Personally, I've found this to be somewhat of a non issue. Each OS has
its advantages and disadvantages.
I've found Solaris x86 to be more reliable. For example, I used to run
my web server on Solaris x86 and it ran 8 months without a crash. Under
Linux, it runs at most 6 weeks before needing a reboot. There are
various bugs in Linux in the kernel, nfsd, memory leaks, etc that caused
crashes. For our NOAAPORT system, Solaris x86 has been rock solid and
can run for months without a problem. I've also seen that Solaris x86
will run CPU and disk intensive applications much faster (10-20%) than
Linux. Then there is the issue over BUGS... Linux is notoriously buggy
which sends users scrambling for bug fixes. Even though these aren't
serious 95% of the time, its still frustrating. Solaris has its pluses
because of its stability and that little has changed in Solaris in the
last 5 years. Also, Solaris has much better 3rd party device support
especially in the areas of data acquisition. Many of these hardware
groups are just now starting to support Linux. So for server issues, I'd
probably pick Solaris x86 over Linux.
Then there is the other hand... Documentation for Solaris x86 is
virtually non-existent. If you are a Solaris guru, you're set.
Otherwise, you're stuck either with a $40 book from Borders or $1000
worth of CDs from Sun. Even then there is no guarantee these will
answer your question. I've yet to get a single question answered
through Sun's online Solaris knowledge base. Most of these are due to
the fact there is virtually no support for Intel version on Sun's web
site. I've hit many brick walls in the Solaris environment that I
couldn't extricate myself from without paying an arm and a leg. Linux's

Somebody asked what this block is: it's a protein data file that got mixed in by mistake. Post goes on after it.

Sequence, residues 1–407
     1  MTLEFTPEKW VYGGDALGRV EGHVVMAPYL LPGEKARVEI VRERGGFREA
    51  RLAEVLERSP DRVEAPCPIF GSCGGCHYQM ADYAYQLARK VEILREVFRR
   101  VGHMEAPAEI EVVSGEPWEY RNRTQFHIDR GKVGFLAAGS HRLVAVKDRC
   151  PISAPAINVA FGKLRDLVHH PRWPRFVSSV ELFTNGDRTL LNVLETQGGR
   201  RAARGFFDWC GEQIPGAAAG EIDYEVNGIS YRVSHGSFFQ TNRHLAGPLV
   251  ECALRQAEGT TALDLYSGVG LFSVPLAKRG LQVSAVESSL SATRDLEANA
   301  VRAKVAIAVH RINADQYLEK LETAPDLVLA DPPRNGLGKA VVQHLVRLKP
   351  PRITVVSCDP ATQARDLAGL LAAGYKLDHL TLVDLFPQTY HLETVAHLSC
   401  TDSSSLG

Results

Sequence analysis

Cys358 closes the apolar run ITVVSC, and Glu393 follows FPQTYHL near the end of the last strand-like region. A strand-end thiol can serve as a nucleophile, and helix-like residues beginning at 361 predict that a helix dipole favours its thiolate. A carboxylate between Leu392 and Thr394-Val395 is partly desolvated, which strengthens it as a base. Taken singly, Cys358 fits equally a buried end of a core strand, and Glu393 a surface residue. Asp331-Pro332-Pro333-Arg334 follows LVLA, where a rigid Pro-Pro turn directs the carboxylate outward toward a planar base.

online help (man pages) and web knowledge databases have come to the
rescue many times. The user environment for Linux is MUCH nicer than
Solaris. Solaris, CDE and other standard tools have changed little in
5-8 years and are showing their age. Linux GUI environment and tools
have kept up to date and are continuously adding new features. You
could get the source for many of these packages and compile them for
Solaris but this is time consuming. So for a user and development
environment, I really prefer Linux.
Then there is the issue over new hardware support. Solaris x86 seems to
lag 9-18 months behind the curve of support for new hardware. This
means you can't get the latest and greatest PCs from Dell, Gateway and
Compaq and think all the COTS hardware will be supported. We've often
found ourselves replacing newer hardware with older in order to get
Solaris x86 to support it. For example, we had conflicts recently with
networking and graphics cards which has sent us out looking for old 3COM
and Intel Ethernet cards and settling for 640x480 VGA mode for graphics.
Also, we've had a nasty problem with Solaris 7 not supporting hard
drives greater than 8GB. So we have a ton of users in the field who
need more disk space to support NOAAPORT and get a 20 GB drive and
finding Solaris will only partition 8GB of it.
So here... we use both. We use Solaris for mission critical/operation
systems that need the reliability. We use Linux for development and
quick deployment. We use Linux for the web environment because of the
tools that are bundled with the operating system such as X11R6/Xvfb and
As for interoperability, I've found that Linux is the closest to Solaris
of most Unix systems. Solaris went its own route about 5 years ago,
straying from the SysV route that IBM AIX, HPUX and others went. Linux
has thanks to GNU, tried to stay reasonably compatible with Solaris so
moving back and forth is not a big issue.
The bottom line is.... go with whatever you are familiar with. It may
be a religious issue. I know most universities have a long history of
support for Solaris and wish to continue that route. I know others
which have gone Linux due to its low cost and support.